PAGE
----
We thought we should start tackling it here.

So what does Meillet have to say about navigation and the Slavs?

Essentially, he argues that the Slavic vocabulary contains a limited number of navigational words, indicating the Slavs landlocked origins.

Argument 1

The Indo-European root for “rowing”, present “across” the IE spectrum disappeared in Slavic.  Why?  Meillet has the answer.  Because the Slavs only navigated rivers and lakes.  Therefore, they had no use of “rowing” or “oars”, etc.  Instead, the used simpler “furrowing” techniques of transportation on water evidenced by the use of the word grebo meaning “I dig” or “burrow”.  Of course, the digging notion is present also in other IE languages.  Take, for example, the German Grab or the same grave (English).  A similar concept exists for physically “grabbing” someone.  Conceptually similar Slavic words can be found in greben (comb) or greblio (rake) or, for that matter, grobla (causeway/levee/dike – presumably, a result of digging up enough dirt).

As proof how easily such an association might arise in someone’s mind, Meillet cites a passage from Arrian of Nicomedia‘s Indica regarding Gedrosians (being from the coast between the Strait of Hormuz and the Indus river) that the travelers observed:

“…a pilot sailed with them, a Gadrosian called Hydraces… Thence about midnight they sailed and came to a harbour Cophas, after a voyage of about four hundred stades; here dwelt fishermen, with small and feeble boats; and they did not row with their oars on a rowlock, as the Greeks do, but as you do in a river, propelling the water on this side or that like labourers digging in the soil.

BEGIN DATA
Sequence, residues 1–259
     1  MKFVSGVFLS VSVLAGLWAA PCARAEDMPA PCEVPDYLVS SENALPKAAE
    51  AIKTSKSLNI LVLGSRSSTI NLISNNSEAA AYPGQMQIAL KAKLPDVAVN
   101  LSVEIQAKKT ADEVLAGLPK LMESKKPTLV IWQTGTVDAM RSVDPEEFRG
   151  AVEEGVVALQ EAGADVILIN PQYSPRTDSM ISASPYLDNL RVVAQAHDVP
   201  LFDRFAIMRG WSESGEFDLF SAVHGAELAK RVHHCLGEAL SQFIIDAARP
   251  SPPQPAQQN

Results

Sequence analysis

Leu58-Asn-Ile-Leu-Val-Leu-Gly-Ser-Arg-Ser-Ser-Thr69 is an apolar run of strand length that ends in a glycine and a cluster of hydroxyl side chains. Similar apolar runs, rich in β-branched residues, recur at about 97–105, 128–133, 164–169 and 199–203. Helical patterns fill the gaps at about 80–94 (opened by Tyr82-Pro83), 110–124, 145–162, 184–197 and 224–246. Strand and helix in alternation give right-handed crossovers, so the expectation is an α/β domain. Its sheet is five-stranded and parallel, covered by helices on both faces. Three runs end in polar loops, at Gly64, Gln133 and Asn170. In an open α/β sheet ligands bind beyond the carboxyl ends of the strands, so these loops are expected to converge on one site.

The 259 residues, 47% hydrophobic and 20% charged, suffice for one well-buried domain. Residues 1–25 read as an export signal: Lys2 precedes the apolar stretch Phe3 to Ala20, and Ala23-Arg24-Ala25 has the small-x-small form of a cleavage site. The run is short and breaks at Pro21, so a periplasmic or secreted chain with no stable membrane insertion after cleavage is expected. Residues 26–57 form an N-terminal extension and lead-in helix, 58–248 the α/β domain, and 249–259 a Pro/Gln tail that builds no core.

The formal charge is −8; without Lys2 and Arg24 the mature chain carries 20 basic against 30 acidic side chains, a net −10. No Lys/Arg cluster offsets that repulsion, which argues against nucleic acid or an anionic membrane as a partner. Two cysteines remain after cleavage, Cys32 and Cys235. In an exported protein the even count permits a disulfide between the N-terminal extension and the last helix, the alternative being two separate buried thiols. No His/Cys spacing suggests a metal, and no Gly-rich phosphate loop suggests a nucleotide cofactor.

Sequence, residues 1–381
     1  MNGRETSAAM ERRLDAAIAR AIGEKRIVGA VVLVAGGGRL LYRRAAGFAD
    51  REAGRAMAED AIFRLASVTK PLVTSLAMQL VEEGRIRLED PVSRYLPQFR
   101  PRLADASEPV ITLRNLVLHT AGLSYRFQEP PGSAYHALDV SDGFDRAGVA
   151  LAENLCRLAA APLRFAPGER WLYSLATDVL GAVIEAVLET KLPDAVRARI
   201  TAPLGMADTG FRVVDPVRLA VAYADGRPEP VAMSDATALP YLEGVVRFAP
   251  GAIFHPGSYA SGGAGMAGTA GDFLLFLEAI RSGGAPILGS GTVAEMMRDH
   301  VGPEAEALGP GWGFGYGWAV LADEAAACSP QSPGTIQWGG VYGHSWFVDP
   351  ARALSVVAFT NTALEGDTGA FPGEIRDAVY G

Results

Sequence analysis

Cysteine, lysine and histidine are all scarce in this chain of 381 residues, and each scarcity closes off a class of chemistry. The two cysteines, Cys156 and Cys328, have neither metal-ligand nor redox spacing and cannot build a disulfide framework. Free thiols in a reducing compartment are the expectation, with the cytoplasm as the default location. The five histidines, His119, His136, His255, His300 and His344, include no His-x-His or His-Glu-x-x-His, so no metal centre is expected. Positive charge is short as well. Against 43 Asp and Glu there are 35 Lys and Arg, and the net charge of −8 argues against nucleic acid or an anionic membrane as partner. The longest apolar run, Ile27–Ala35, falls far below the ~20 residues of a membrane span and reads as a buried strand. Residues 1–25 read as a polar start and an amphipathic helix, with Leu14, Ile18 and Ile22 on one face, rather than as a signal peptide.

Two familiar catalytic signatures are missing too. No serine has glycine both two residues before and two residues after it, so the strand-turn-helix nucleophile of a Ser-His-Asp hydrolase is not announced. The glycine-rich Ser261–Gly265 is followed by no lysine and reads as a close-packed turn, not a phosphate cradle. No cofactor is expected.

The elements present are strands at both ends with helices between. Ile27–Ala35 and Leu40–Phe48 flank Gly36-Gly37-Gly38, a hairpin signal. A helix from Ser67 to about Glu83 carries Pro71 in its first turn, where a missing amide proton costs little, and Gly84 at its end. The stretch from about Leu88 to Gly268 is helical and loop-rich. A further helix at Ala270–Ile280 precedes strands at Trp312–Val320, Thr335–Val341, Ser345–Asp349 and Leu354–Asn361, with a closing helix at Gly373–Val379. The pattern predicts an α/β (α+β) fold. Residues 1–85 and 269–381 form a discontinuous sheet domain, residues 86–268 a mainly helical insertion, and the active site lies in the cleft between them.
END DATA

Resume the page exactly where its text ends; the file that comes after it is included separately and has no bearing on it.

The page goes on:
That “digging” or “burrowing in” water could have been a natural progression of the concept of digging to simple navigation is, of course, obvious and hardly needs the above example from an entirely different part of the world.

More importantly, it is strange that Meillet should have chosen the Bulgarian or Russian гребло as the only “paddling” word to focus.  The word doesn’t seem to have existed in West Slavic languages.  Instead he could have just as easily looked at wiosło, весло, вясло, veslo – meaning “oar” in all Slavic languages.

The wiosło, вясло, veslo (an “oar” or “paddle” being a tool derived from wieźć – to carry, transport – hence wiosłować “to row”) contains ios or ies or ias just as jazda – ride which matches nicely with many European (Old European!) river names (Visla or Vis-tula but also Tam-issa, Is-ter and so forth).  Such Visla river names – aside from the well known Vistula itself – appear in as wide a variety of locations as the Alps (as in Wiesle) and the Shetlands.

This suggests a concept of movement and a rather ancient origin.  It also has nothing to do with digging, nor any such secondary meaning.  The concept of an oar embedded in the veslo can be applied to either a river or sea or ocean going ship.  The only thing that Meillet has shown is that the oar family of words began to mean – outside of Slavic – something other than mere paddling.  

Moreover, both of these types of words may have been associated with IE water travel.  The fact is that the -ios, -ias, -ies words existed outside of Slavic with same or similar meanings.  We said “ship” above but could have just as easily said “vessel”.  Now this comes from the Latin vasculum from vas a “container,” “vase” or “vessel” but also meant “ship” (a container ship concept all in one!).  Now, presumably the container concept came first but even that concept captures the notion of a fluid being contained (just think of a flower vase).